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Publication numberUS5709091 A
Publication typeGrant
Application numberUS 08/283,270
Publication dateJan 20, 1998
Filing dateJul 29, 1994
Priority dateJun 30, 1992
Fee statusLapsed
Publication number08283270, 283270, US 5709091 A, US 5709091A, US-A-5709091, US5709091 A, US5709091A
InventorsJames Joseph Todack
Original AssigneeTodack; James Joseph
Export CitationBiBTeX, EndNote, RefMan
External Links: USPTO, USPTO Assignment, Espacenet
Refrigerant recovery and recycling method and apparatus
US 5709091 A
Abstract
A portable refrigerant recovery and recycling system for removing and recycling chloroflourocarbon (CFC), hydroflourocarbon (HFC) and hydrochloroflourocarbon (HCFC) refrigerants from refrigeration systems. Closed loop interconnection prevents release of refrigerant to the atmosphere. Liquid refrigerant is drawn by suction through a filter and transferred to a storage tank. When all liquid refrigerant has been transferred, a refrigerant vapor recovery process automatically engages, retrieves and condenses the remaining refrigerant vapors, thus evacuating the refrigeration system to a pressure of approximately 29 inches Hg absolute for low pressure refrigeration systems and 15 inches Hg absolute for high pressure refrigeration systems. After evacuation of the refrigeration system, the present invention automatically shuts off. By re-configuring connections to the refrigeration and storage system the stored refrigerant may be recycled through a distillation process which removes oil, water, acids and other solid particles. The distilled refrigerant is then recondensed and passed through high efficiency filters which further removes moisture and acids, thus rendering the refrigerant suitable for reuse.
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Claims(29)
What is claimed is:
1. An apparatus for recovering liquid and vapor refrigerant from a refrigeration system and storing recovered refrigerant in a storage tank in a closed system preventing release of the refrigerant to the environment, comprising:
a refrigerant inlet adapted for connection to the refrigeration system for removal of refrigerant therefrom;
a vapor refrigerant outlet adapted for connection to the refrigeration system;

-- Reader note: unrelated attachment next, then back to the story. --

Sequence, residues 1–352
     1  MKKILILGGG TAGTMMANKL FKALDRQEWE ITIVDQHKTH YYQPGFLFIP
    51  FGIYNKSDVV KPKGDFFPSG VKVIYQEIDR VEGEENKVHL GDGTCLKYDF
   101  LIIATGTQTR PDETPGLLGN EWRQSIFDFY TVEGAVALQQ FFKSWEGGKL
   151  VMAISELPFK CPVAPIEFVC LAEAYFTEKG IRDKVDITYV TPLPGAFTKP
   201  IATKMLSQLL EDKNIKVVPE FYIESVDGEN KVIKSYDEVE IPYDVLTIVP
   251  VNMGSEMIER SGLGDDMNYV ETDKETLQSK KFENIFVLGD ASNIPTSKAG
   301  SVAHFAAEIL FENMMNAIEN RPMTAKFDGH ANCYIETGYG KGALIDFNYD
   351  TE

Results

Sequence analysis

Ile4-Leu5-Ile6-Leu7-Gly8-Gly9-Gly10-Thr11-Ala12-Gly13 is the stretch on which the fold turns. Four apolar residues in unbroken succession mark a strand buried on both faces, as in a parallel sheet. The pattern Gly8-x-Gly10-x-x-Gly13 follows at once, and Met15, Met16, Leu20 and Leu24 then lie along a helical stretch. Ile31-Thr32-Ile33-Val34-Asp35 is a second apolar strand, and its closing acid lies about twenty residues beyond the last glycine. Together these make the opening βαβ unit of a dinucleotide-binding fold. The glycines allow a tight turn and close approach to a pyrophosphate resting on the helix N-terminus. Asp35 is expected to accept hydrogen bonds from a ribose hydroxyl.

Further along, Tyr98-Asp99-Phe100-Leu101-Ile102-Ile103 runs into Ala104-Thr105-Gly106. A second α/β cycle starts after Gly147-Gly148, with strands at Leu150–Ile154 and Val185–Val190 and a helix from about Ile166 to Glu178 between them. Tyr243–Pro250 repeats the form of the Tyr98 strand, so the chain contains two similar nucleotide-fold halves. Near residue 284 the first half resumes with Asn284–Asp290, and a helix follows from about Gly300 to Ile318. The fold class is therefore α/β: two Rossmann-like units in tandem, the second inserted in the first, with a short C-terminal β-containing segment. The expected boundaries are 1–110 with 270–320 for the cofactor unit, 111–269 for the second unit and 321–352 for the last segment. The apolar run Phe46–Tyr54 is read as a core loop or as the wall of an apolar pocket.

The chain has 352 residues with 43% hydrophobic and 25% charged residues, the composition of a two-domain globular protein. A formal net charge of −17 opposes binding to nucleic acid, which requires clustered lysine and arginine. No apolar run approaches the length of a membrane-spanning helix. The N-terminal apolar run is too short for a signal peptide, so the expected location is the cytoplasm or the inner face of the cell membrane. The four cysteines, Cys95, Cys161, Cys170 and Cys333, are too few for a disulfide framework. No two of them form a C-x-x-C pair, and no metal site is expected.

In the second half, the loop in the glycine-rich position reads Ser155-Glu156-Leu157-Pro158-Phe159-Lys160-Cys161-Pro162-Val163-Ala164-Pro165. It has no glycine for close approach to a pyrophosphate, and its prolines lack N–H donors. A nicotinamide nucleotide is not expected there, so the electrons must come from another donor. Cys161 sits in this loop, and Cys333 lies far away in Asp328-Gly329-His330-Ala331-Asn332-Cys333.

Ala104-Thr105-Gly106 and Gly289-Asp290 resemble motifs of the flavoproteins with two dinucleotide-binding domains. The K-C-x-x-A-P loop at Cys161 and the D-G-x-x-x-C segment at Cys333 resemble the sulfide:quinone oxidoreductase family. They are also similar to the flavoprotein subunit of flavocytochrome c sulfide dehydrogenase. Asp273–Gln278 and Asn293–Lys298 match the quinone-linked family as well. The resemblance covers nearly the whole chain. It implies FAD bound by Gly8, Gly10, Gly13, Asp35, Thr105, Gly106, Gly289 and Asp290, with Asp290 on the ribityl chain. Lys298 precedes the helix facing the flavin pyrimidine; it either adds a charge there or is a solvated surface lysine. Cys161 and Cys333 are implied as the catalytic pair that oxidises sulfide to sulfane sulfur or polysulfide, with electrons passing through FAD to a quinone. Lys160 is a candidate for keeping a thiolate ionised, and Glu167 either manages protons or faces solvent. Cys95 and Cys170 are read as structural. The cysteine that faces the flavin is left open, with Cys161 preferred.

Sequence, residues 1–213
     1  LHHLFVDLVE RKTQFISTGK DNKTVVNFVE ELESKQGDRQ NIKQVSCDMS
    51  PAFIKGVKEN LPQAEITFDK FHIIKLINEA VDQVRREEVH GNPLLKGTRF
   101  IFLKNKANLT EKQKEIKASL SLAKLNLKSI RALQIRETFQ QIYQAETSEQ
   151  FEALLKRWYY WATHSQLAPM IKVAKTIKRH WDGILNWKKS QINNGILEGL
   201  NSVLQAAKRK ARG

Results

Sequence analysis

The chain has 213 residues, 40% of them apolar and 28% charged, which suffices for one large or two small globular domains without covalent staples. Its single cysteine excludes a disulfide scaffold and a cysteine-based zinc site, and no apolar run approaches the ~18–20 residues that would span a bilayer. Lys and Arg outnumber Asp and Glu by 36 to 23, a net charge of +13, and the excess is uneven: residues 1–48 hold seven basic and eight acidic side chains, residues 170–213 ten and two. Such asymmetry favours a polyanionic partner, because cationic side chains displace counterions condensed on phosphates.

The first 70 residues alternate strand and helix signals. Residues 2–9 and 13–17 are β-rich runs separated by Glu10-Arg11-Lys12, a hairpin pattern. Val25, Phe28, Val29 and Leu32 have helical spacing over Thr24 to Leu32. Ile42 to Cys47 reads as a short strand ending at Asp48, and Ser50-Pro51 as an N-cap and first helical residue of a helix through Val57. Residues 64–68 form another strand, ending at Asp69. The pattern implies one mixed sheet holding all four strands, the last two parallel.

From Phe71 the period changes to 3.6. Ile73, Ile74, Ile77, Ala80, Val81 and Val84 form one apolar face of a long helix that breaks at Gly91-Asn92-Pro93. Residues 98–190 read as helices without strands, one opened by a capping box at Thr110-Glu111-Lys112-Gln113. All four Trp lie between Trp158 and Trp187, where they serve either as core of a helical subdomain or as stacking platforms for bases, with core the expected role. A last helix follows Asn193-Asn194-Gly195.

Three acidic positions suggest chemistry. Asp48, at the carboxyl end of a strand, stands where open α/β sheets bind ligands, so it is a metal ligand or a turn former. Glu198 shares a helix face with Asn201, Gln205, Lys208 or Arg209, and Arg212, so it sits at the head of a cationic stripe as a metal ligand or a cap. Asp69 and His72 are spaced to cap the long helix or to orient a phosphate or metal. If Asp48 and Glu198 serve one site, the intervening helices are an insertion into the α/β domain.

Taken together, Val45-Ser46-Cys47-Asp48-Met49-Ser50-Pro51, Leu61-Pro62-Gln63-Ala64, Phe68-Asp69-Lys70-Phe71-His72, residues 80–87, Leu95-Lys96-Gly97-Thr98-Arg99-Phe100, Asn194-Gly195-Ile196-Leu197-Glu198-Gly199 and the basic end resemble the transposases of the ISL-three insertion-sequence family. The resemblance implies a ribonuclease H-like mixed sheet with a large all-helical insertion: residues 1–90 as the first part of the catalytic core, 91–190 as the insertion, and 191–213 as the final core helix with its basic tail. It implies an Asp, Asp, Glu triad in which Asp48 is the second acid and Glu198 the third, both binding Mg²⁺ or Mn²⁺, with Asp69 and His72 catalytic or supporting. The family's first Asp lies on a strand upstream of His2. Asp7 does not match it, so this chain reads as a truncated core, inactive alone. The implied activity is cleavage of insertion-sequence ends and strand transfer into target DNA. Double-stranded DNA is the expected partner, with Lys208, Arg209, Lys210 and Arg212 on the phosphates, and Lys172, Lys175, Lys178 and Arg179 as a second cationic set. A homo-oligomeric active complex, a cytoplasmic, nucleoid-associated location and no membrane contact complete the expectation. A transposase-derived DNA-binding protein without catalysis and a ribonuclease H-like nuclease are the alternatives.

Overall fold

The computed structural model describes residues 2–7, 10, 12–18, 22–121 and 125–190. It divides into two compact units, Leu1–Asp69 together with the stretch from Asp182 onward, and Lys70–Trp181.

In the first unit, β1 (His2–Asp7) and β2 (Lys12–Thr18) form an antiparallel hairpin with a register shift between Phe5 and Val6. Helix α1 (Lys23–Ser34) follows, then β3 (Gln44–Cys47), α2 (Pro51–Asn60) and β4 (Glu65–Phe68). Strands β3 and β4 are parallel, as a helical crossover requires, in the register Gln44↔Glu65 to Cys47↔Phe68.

a liquid refrigerant outlet adapted for connection to the storage tank for transferring liquid refrigerant thereto;
a vapor refrigerant inlet adapted for connection to the storage tank for removal of vapor refrigerant therefrom;
a separator having an inlet, a liquid outlet, a vapor outlet, and a first liquid level sensor detecting liquid level within said separator, said separator inlet connected to the refrigerant inlet and said separator liquid outlet connected to the liquid refrigerant outlet;
a means for transferring pressure, said pressure transfer means having a suction inlet and discharge outlet;
a condenser having an inlet and an outlet, said condenser inlet in fluid communication with the pressure transfer means discharge outlet;
an initially open first valve connecting the vapor refrigerant inlet to the pressure transfer means inlet and an initially open second valve connecting the condenser outlet to the vapor refrigerant outlet for initially providing a pressure differential between the storage tank and the refrigeration system for transferring liquid refrigerant from the refrigeration system to the storage tank;
an initially closed third valve between the separator vapor outlet and the pressure transfer means inlet, and an initially closed fourth valve between the condenser outlet and the liquid refrigerant outlet;
said first liquid level sensor connected to and controlling the initially open first and second valves and the initially closed third and fourth valves and closing the first and second valves and opening the third and fourth valves when said liquid level sensor detects an absence of liquid refrigerant in said separator thereby withdrawing vapor refrigerant from the refrigeration system, condensing the vapor into a liquid and storing the condensed liquid refrigerant in the storage tank.
2. The apparatus of claim 1, further comprising a vapor-liquid differentiator connected between said third valve and the pressure transfer means inlet, said vapor-liquid differentiator allowing vapor but substantially no liquid to pass therethrough.
3. The apparatus of claim 2, further comprising a high pressure sensor connected to said vapor-liquid differentiator, said high pressure sensor used for detecting a high pressure.
4. The apparatus of claim 2, further comprising:
a low pressure sensor connected to said vapor-liquid differentiator, said low pressure sensor used for detecting a desired low pressure; and
a controller having a liquid recovery first mode and a vapor recovery second mode, wherein the first mode controls withdrawing the liquid refrigerant from the refrigeration system and into the external storage tank, and the second mode controls withdrawing the vapor refrigerant from the refrigeration system, condensing the vapor into a liquid and storing the liquid in the external storage tank until said low pressure sensor detects a desired low pressure value representative of substantially all of the refrigerant being removed from the refrigeration system.
5. The apparatus of claim 2, wherein said vapor-liquid differentiator comprises: